Skip to main content
Log in

Rotator cuff tendon connections with the rotator cable

  • Shoulder
  • Published:
Knee Surgery, Sports Traumatology, Arthroscopy Aims and scope



The literature currently contains no descriptions of the rotator cuff tendons, which also describes in relation to the presence and characteristics of the rotator cable (anatomically known as the ligamentum semicirculare humeri). The aim of the current study was to elucidate the detailed anatomy of the rotator cuff tendons in association with the rotator cable.


Anatomic dissection was performed on 21 fresh-frozen shoulder specimens with an average age of 68 years. The rotator cuff tendons were dissected from each other and from the glenohumeral joint capsule, and the superior glenohumeral, coracohumeral, coracoglenoidal and semicircular (rotator cable) ligaments were dissected. Dissection was performed layer by layer and from the bursal side to the joint. All ligaments and tendons were dissected in fine detail.


The rotator cable was found in all specimens. It was tightly connected to the supraspinatus (SSP) tendon, which was partly covered by the infraspinatus (ISP) tendon. The posterior insertion area of the rotator cable was located in the region between the middle and inferior facets of the greater tubercle of the humerus insertion areas for the teres minor (TM), and ISP tendons were also present and fibres from the SSP extended through the rotator cable to those areas.


The connection between the rotator cable and rotator cuff tendons is tight and confirms the suspension bridge theory for rotator cuff tears in most areas between the SSP tendons and rotator cable. In its posterior insertion area, the rotator cable is a connecting structure between the TM, ISP and SSP tendons. These findings might explain why some patients with relatively large rotator cuff tears can maintain seamless shoulder function.

This is a preview of subscription content, log in via an institution to check access.

Access this article

Subscribe and save

Springer+ Basic
EUR 32.99 /Month
  • Get 10 units per month
  • Download Article/Chapter or Ebook
  • 1 Unit = 1 Article or 1 Chapter
  • Cancel anytime
Subscribe now

Buy Now

Price excludes VAT (USA)
Tax calculation will be finalised during checkout.

Instant access to the full article PDF.

Fig. 1
Fig. 2
Fig. 3

Similar content being viewed by others


  1. Burkhart SS, Esch JC, Jolson RS (1993) The rotator crescents and rotator cable: an anatomic description of the shoulder’s “suspension bridge”. Arthroscopy 9:611–616

    Article  CAS  PubMed  Google Scholar 

  2. Curtis AS, Burbank KM, Tierney JJ, Scheller AD, Curran AR (2006) The insertional footprint of the rotator cuff: an anatomic study. Arthroscopy 22(609):e1

    Google Scholar 

  3. DePalma AF, Gallery G, Bennet GA (1949) Variational anatomy and degenerative lesions of the shoulder joint. In: Blount W (ed) American Academy of Orthopaedic Surgeons Instructional Course Lectures, vol 6. JW Edwards, Ann Arbor, MI, pp 225–281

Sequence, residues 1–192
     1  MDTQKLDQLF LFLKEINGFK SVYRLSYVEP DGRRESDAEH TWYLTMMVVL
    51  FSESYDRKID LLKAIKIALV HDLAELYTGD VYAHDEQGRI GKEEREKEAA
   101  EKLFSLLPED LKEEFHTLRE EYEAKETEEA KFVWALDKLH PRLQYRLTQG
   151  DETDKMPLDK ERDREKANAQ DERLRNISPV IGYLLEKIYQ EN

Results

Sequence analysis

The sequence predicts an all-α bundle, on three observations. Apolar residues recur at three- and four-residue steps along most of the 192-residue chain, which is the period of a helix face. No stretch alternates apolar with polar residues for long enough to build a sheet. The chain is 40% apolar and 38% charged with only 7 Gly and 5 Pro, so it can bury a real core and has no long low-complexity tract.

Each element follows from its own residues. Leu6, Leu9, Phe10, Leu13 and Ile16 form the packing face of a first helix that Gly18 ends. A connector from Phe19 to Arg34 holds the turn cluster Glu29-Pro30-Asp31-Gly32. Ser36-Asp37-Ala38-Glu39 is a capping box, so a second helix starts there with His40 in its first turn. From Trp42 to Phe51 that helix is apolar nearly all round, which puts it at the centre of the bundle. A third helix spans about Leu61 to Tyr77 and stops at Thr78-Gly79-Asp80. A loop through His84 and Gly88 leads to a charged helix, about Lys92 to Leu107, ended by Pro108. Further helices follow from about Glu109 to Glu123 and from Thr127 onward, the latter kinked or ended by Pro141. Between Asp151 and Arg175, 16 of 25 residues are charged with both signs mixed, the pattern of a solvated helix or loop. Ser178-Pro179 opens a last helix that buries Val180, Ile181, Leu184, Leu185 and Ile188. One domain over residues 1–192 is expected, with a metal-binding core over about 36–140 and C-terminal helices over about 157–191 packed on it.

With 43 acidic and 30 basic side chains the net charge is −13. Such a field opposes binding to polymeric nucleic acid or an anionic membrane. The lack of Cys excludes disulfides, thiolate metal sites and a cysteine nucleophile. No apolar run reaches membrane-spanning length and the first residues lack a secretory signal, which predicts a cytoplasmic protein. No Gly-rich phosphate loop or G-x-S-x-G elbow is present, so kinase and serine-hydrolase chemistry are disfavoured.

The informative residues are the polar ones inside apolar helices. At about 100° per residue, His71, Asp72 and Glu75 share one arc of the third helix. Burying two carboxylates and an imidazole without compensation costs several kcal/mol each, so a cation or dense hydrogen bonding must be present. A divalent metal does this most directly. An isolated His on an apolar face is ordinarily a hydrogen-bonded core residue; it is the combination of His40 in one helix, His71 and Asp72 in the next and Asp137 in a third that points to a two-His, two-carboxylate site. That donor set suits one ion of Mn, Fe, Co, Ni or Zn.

4. Halder AM, O’Driscoll SW, Heers G, Mura N, Zobitz ME, An KN, Kreusch-Brinker R (2002) Biomechanical comparison of effects of supraspinatus tendon detachments, tendon defects, and muscle retractions. J Bone Joint Surg Am 84-A:780–785

    Article  CAS  PubMed  Google Scholar 

  5. Kask K, Kolts I, Lubienski A, Russlies M, Leibecke T, Busch LC (2008) Magnetic resonance imaging and correlative gross anatomy of the ligamentum semicirculare humeri (rotator cable). Clin Anat 21:420–426

    Article  PubMed  Google Scholar 

  6. Kolts I, Busch LC, Tomusk H, Arend A, Eller A, Merila M, Russlies M (2000) Anatomy of the coracohumeral and coracoglenoidal ligaments. Ann Anat 182:563–566

    Article  CAS  PubMed  Google Scholar 

  7. Mochizuki T, Sugaya H, Uomizu M, Maeda K, Matsuki K, Sekiya I, Muneta T, Akita K (2009) Humeral insertion of the supraspinatus and infraspinatus. New anatomical findings regarding the footprint of the rotator cuff. Surgical technique. J Bone Joint Surg Am 91(Suppl 2 Pt 1):1–7

    Article  PubMed  Google Scholar 

  8. Ruotolo C, Fow JE, Nottage WM (2004) The supraspinatus footprint: an anatomic study of the supraspinatus insertion. Arthroscopy 20:246–249

    Article  PubMed  Google Scholar 

  9. Vahlensieck M, An Haack K, Schmidt H-M (1994) Two portions of the supraspinatus muscle: a new finding about the muscles macroscopy by dissection and magnetic resonance imaging. Surg Radiol Anat 16:101–104

    Article  CAS  PubMed  Google Scholar 

Download references

Author information

Authors and Affiliations


Corresponding author

Correspondence to Madis Rahu.

Rights and permissions

Reprints and permissions

About this article

Check for updates. Verify currency and authenticity via CrossMark

Cite this article

Rahu, M., Kolts, I., Põldoja, E. et al. Rotator cuff tendon connections with the rotator cable. Knee Surg Sports Traumatol Arthrosc 25, 2047–2050 (2017).

Download citation

  • Received:

  • Accepted:

  • Published:

  • Issue Date:

  • DOI: